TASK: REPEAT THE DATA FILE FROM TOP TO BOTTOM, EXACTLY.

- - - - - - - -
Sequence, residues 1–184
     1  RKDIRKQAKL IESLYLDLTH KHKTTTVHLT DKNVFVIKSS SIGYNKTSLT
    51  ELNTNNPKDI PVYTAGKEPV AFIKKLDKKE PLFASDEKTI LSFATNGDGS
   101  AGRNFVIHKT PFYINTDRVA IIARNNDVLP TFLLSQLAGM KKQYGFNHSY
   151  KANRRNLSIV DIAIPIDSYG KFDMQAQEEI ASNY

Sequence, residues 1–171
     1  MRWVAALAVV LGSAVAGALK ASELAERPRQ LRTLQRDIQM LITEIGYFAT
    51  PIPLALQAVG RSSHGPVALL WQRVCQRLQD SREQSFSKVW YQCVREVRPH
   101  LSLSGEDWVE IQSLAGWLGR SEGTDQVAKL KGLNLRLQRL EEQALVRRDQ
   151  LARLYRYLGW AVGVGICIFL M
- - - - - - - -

Sequence, residues 1–184
     1  RKDIRKQAKL IESLYLDLTH KHKTTTVHLT DKNVFVIKSS SIGYNKTSLT
    51  ELNTNNPKDI PVYTAGKEPV AFIKKLDKKE PLFASDEKTI LSFATNGDGS
   101  AGRNFVIHKT PFYINTDRVA IIARNNDVLP TFLLSQLAGM KKQYGFNHSY
   151  KANRRNLSIV DIAIPIDSYG KFDMQAQEEI ASNY

Sequence, residues 1–171
     1  MRWVAALAVV LGSAVAGALK ASELAERPRQ LRTLQRDIQM LITEIGYFAT
    51  PIPLALQAVG RSSHGPVALL WQRVCQRLQD SREQSFSKVW YQCVREVRPH
   101  LSLSGEDWVE IQSLAGWLGR SEGTDQVAKL KGLNLRLQRL EEQALVRRDQ
   151  LARLYRYLGW AVGVGICIFL M